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Eddie Meador for Pro Football Hall of Fame

April 29th, 2009 · 10 Comments · NFL

Now and then, people contact me about endorsing the idea, and spreading it, of pushing for this or that guy to get into a sports Hall of Fame. One particular baseball stat wonk is a Bert Blyleven enthusiast, and he has written me a time or three about voting for Bert for the baseball Hall of Fame — which I have yet to do.

On Tuesday, I got an e-mail from someone promoting the Pro Football Hall of Fame candidacy of Eddie Meador, the Los Angeles Rams’ great safety from the 1960s.

Now, there’s a candidacy I can endorse whole-heartedly … but can’t really do anything (directly) about because of the way the NFL selects its candidates. It’s a small group of football writers, not 500-plus baseball writers.

I can post the e-mail from Eddie Meador’s daughter, along with the link to the Eddie Meador Web site.

And I can assure you Eddie Meador was as good as any player on the Rams of the 1960s — and that was a team that boasted, in the middle-to-late part of the decade, the Fearsome Foursome — the defensive line of Deacon Jones, Merlin Olson, Rosie Grier and Lamar Lundy. And had Roman Gabriel at quarterback and stalwarts such as Tom Mack and Joe Scibelli on the offensive line.

I thought Meador was important as any of them.

Meador certainly was one of the examples of my lifelong fascination with the idea of the “last man” in defensive football. The guy who has to make a play or the other team scores.

The idea of that is more satisfying to me, intellectually, than even the most well-executed offensive play. Whether it means a sure tackle against a great player in the open field … or never giving up on a play and running down a ball-carrier after a long sprint. I love the idea. It always has struck me as romantic. And it also strikes me as very much an analytical and intellectual pursuit, as well — knowing where to be and how to make that TD-saving play. Anticipating and executing. That is, about far more than sheer athletic talent.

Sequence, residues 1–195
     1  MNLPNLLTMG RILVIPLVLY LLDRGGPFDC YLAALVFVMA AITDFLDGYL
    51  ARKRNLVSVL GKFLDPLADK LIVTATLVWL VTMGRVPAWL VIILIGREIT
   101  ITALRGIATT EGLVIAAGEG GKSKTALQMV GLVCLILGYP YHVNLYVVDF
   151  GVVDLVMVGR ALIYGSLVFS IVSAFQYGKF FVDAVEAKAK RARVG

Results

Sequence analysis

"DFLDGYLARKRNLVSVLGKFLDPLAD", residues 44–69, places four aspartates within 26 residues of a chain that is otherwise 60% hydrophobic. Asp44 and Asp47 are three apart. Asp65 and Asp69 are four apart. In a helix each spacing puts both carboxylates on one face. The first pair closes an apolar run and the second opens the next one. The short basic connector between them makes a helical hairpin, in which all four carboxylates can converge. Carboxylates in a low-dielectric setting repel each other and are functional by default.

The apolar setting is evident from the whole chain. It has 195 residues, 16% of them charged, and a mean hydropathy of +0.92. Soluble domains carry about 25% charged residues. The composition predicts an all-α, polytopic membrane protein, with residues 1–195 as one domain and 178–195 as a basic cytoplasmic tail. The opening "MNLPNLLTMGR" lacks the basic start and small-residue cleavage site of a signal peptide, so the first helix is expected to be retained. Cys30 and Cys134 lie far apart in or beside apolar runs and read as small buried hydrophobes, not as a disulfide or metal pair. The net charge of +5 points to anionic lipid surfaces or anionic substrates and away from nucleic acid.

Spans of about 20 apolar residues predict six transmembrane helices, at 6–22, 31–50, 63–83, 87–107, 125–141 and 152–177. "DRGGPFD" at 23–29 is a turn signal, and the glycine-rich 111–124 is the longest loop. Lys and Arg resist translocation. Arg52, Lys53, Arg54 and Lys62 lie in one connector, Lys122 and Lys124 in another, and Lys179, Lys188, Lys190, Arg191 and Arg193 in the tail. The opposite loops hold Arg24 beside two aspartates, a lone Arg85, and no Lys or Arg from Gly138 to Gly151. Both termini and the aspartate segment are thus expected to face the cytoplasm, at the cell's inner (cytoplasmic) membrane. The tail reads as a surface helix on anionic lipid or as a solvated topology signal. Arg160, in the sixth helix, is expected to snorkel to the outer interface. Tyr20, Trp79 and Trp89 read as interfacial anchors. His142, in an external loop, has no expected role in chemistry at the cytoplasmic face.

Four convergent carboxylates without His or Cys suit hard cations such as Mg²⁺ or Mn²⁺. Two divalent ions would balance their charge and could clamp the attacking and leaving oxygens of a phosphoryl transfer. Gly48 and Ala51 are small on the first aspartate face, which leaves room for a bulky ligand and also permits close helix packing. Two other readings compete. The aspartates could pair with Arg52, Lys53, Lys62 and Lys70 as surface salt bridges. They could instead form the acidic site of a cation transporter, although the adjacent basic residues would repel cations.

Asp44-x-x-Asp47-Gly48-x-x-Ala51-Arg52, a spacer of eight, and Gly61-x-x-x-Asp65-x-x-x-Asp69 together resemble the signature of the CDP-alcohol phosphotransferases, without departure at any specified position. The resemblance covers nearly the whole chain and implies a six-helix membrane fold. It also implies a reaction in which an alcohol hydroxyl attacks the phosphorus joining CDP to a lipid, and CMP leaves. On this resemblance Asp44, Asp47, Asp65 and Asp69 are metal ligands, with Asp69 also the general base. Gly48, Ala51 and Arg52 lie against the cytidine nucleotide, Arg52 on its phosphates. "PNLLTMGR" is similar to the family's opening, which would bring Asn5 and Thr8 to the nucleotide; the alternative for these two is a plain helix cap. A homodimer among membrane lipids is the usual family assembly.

Eddie Meador was the Last Man for the Rams time and again throughout the 1960s. Especially in the early 1960s, when the Rams routinely were horrible. I was a child during Meador’s early Rams career, but I always identified with No. 21 and always figured if he couldn’t make the play, no one could.

Life for the Rams and Eddie Meador — who I believe is still alive — changed in 1966, when George Allen took over as coach. The Rams were in the playoffs by 1967 and came close to the Super Bowl a time or two before Meador’s last season, in 1970.

He still holds the Rams record for career interceptions, 46.

Here is a wikipedia link to a mini-bio on Eddie Meador.

And here is the e-mail I received from his daughter, who is leading the campaign to get Eddie into the football hall:


I am the daughter of former L.A. Ram, Eddie Meador, who played Defensive Back for 12 seasons (1959-1970). I would like to share with you that my brothers and I have begun a campaign to hopefully get Dad inducted into the Hall. He is officially on the Senior Nominees list for the Class of 2010.


We have created a website for Dad & would like to invite you to view it. Please go to . We are proud of it and hope you enjoy it!

Through this website, you can read his Bio/Stats/Fun Facts/ & view photos.


Would you please forward this website to your contacts/family/friends?


There is even a link on how a person can send in their Letter of Recommendation to the Hall/Committee Members through the “How To Nominate” Link. The Senior Selection Committee will begin reviewing the list of Nominees in June & make their final decision in August.


We would GREATLY appreciate your help in spreading the word!



Vicki Meador-Baldwin

of Arkansas

OK, I’m back.

Eddie Meador was a great football player. Of that, I have no doubt, and I know a little about the NFL, having covered the Rams home-and-road from 1977 through 1980 and having written about hundreds of other NFL games since then. I saw some great safeties play for the Rams, Nolan Cromwell and Dave Elmendorf, Bill Simpson. And I never, ever thought any of those guys brought more to their team than did Eddie Meador.

I would guess he has issues that complicate his campaign. He played for the Los Angeles Rams, and it’s hard to imagine the St. Louis Rams are working at furthering his candidacy. He played in the 1960s, and if you’re not in your 50s, you probably don’t remember watching him play.